We value feedback from our customers and take pride in seeing our products being used in meaningful research. Today, we'd like to highlight two recent publications using our GFAP antibodies in neurodegenerative disease research.

In the first publication, our rabbit GFAP antibody was used in a study that looked at how the DYRK1A inhibitor KVN93 regulates cognitive function, amyloid beta pathology, and neuroinflammation. Using a mouse model, they found that KVN93 reduced amyloid beta plaque levels, enhanced long term memory through better dendritic synaptic functions, and decreased neuroinflammation. These results suggest that KVN93 is a potential therapeutic drug for the treatment of Alzheimer’s disease and other neurodegenerative or neuroinflammation-related diseases.

Top Image: GFAP levels in the cortex and hippocampal CA1 (top) and DG regions (bottom) of 3-month-old 5x FAD mice injected with KVN93 or vehicle. KVN93 significantly decreases Aβ-mediated microglial and astrocyte activation in 3-month-old 5x FAD mice.

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In another recent publication looking at potential therapeutics for neurodegenerative diseases, another one of our GFAP antibodies was used. This study looks at how the drug tranylcypromine, an inhibitor of Monoamine oxidase (MOA) used as an antidepressant and cancer drug, regulates LPS- and/or amyloid beta-induced neuroinflammation. They find that in both in vivo and in vitro mouse models, tranylcypromine can suppress neuroinflammation.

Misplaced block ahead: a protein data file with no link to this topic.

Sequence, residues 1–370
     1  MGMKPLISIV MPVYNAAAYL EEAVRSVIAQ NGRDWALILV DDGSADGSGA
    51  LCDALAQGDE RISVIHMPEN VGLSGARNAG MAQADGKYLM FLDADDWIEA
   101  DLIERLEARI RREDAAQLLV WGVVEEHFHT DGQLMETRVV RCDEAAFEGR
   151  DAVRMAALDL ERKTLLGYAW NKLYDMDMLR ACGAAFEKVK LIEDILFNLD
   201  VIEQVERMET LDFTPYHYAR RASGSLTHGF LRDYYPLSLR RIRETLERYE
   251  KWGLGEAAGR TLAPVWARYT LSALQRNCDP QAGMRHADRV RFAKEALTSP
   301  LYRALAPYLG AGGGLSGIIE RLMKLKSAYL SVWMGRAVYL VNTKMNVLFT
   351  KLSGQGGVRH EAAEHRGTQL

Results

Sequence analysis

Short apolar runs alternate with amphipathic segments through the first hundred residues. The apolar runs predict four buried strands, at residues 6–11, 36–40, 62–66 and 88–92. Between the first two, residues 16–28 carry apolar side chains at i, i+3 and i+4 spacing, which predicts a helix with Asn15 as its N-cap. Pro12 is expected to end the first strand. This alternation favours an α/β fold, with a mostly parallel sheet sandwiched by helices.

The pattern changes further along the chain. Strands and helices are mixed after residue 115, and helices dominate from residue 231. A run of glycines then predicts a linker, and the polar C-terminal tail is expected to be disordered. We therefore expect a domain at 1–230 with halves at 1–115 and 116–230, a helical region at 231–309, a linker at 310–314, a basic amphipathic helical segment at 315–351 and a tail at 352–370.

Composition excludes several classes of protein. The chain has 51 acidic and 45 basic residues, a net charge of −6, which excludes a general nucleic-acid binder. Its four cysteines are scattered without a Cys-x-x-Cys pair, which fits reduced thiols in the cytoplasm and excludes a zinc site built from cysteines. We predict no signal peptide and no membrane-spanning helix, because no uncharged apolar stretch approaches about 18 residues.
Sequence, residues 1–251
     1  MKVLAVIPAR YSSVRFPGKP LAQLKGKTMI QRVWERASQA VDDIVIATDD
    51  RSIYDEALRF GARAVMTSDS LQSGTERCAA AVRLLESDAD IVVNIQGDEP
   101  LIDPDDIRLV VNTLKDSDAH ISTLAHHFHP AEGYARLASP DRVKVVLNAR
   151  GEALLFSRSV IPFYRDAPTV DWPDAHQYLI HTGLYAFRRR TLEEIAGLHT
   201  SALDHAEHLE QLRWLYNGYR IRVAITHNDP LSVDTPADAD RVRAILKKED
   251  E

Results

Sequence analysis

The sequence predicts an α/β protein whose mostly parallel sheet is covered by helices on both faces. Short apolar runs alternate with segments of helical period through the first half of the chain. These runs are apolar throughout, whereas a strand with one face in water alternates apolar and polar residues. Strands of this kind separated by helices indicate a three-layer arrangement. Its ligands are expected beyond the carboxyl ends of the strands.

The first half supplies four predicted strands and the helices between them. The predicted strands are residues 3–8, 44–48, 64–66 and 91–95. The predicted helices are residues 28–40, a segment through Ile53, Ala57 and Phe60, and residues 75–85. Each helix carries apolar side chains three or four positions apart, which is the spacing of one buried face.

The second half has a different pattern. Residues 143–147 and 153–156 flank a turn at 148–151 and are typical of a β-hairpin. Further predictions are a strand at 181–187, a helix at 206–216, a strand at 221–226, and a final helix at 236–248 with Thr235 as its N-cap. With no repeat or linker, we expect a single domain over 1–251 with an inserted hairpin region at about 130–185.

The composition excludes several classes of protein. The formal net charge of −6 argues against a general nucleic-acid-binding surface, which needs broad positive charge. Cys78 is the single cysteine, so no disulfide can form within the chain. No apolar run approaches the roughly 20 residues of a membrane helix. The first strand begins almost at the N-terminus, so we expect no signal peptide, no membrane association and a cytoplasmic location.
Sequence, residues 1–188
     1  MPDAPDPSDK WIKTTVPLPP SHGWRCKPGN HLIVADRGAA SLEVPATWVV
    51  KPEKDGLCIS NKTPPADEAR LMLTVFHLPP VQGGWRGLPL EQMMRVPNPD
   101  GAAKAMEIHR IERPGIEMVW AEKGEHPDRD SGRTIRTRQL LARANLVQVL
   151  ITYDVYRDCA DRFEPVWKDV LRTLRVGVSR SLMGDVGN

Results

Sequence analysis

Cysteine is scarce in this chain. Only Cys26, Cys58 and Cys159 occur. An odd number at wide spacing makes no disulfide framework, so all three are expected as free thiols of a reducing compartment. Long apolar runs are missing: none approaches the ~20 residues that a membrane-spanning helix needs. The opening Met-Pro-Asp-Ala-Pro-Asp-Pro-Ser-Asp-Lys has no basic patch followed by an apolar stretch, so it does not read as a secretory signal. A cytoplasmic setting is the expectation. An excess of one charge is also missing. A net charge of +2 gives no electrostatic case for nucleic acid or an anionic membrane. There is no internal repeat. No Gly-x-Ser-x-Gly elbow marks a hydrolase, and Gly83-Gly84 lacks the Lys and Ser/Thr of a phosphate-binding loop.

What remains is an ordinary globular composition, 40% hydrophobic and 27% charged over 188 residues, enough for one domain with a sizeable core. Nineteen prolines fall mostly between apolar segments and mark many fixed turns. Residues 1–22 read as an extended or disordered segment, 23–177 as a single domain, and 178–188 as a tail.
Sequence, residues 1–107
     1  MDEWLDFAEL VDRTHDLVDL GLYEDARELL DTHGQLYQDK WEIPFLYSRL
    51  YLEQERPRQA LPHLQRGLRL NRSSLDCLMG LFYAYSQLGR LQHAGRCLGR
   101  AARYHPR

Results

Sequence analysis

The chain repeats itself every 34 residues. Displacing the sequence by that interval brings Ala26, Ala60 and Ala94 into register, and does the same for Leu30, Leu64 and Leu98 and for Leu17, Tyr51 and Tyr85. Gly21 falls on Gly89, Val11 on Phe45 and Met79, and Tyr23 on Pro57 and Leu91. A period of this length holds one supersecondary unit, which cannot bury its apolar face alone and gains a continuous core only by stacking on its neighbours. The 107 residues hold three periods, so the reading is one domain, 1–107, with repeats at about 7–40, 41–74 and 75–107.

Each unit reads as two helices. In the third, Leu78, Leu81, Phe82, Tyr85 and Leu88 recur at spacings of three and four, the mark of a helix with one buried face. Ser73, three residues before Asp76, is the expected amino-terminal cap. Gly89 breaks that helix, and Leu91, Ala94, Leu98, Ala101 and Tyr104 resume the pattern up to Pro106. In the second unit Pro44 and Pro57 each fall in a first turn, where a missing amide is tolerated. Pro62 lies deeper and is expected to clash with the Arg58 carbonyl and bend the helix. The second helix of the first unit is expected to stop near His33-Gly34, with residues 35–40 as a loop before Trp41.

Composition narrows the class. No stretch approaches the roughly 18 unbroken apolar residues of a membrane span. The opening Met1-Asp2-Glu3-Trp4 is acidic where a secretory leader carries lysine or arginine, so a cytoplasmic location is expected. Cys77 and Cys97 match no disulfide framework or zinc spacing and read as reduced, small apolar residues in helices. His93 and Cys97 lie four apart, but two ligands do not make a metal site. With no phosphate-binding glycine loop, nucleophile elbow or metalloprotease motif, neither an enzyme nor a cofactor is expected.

Bottom image: Tranylcypromine suppresses LPS-mediated microgliosis in wild-type mice.

You can check out all customer publications using our GFAP antibodies here. Additionally, you can find our neurodegenerative disease antibodies here and our neuroscience antibodies here.



  1. Hyun-Ju Lee, Hanwoong Woo, Ha-Eun Lee, Hyongjun Jeon, Ka-Young Ryu, Jin Han Nam, Seong Gak Jeon, Hyun Hee Park, Ji-Soo Lee, Kyung-Min Han, Sang Min Lee, Jeongyeon Kim, Ri-Jin Kang, Young-Ho Lee, Jae-Ick Kim, Hyang-Sook Hoe. (2020). The Novel DYRK1A Inhibitor KVN93 Regulates Cognitive Function, Amyloid-Beta Pathology, and Neuroinflammation.Free Radical Biology and Medicine. doi: 10.1016/j.freeradbiomed.2020.08.030
  2. Hyun Hee Park, Kyung-Min Han, Hyongjun Jeon, Ji-Soo Lee, Hyunju Lee, Seong Gak Jeon, Jin-Hee Park, Yu Gyung Kim, Yuxi Lin, Young-Ho Lee, Yun Ha Jeong, and Hyang-Sook Hoe. (2020). The MAO Inhibitor Tranylcypromine Alters LPSand Aβ-Mediated Neuroinflammatory Responses in Wild-type Mice and a Mouse Model of AD.Cells, 9, 1982. doi: 10.3390/cells9091982